Robin’s performance was so painful that Jesse Ventura, who compared Mean Gene’s run-through of the national anthem to Robert Goulet, told Jake Roberts’s half-sister not to quit her day job.


The Federation went back to recruiting big names in the next few years, namely the reputedly Okerlundesque Robert Goulet (who sang “O Canada”),


…Willie Nelson (who sang “America the Beautiful”)…


…and Reba McEntire (who sang “The Star-Spangled Banner” but was not, as Bobby Heenan suggested, Tito Santana’s sister).


The steroid scandal and a downturn in business, however, meant that Wrestlemania IX was almost entirely devoid of celebrities. Fortunately, the one celebrity was Grammy winner Natalie Cole. Unfortunately, she didn’t sing — she just happened to be in the audience, which was actually much more impressive in retrospect; a famous person actually showed up to watch Giant Gonzalez vs. The Undertaker without being paid to.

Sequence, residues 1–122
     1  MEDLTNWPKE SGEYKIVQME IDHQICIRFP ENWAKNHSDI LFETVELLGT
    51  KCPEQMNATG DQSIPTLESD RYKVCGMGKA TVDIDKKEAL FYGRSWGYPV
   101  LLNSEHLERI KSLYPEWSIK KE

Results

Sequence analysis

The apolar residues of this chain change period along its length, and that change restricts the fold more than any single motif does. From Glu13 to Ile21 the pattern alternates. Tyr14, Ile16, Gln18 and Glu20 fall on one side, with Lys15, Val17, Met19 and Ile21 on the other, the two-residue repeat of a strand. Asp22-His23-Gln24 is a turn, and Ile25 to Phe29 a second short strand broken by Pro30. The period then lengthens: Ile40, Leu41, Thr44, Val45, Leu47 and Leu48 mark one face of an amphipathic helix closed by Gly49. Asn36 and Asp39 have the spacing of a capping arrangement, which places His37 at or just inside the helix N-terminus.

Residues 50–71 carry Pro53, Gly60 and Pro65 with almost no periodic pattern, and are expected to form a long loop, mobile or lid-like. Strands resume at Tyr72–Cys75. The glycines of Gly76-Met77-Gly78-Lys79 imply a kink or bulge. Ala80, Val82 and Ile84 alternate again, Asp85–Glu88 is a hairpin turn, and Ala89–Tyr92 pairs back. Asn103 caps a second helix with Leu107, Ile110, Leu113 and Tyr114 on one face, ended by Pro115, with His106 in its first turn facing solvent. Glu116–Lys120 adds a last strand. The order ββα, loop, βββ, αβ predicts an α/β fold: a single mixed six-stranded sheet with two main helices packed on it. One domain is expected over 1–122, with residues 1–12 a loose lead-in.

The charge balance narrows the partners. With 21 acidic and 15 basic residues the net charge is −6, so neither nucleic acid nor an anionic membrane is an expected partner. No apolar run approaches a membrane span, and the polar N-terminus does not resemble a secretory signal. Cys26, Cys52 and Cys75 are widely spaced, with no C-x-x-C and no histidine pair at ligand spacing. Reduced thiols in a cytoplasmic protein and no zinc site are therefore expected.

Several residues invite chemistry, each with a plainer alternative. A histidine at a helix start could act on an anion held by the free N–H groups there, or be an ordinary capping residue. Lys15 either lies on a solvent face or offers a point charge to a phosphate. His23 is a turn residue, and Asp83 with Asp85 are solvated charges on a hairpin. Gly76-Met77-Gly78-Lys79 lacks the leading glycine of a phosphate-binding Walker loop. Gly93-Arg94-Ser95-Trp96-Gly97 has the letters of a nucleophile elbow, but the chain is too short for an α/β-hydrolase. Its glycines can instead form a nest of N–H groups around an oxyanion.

Wrestlemania X broke the celebrity drought with Little Richard, whom Vince McMahon dubbed, “the original wildman of rock and roll.”

(Not to be confused with “Wildman” Marc Mero, the original Little Richard of professional wrestling)

Mr. Penniman would sing “America the Beautiful”… kind of.


Think Rev Theory’s lip-syncing of Randy Orton’s theme song at Mania 30 was a new phenomenon? Twenty years earlier, Little Richard simply mouthed along to “America the Beautiful” when he should have been singing about the purple mountain majesties above the tutti frutti plains.


Richard might have gotten away with it, too, if he hadn’t peppered his vocal track with more lilts and “woo”s than he could remember to mime. Plus, his post-song thank-yous revealed his mic wasn’t even on.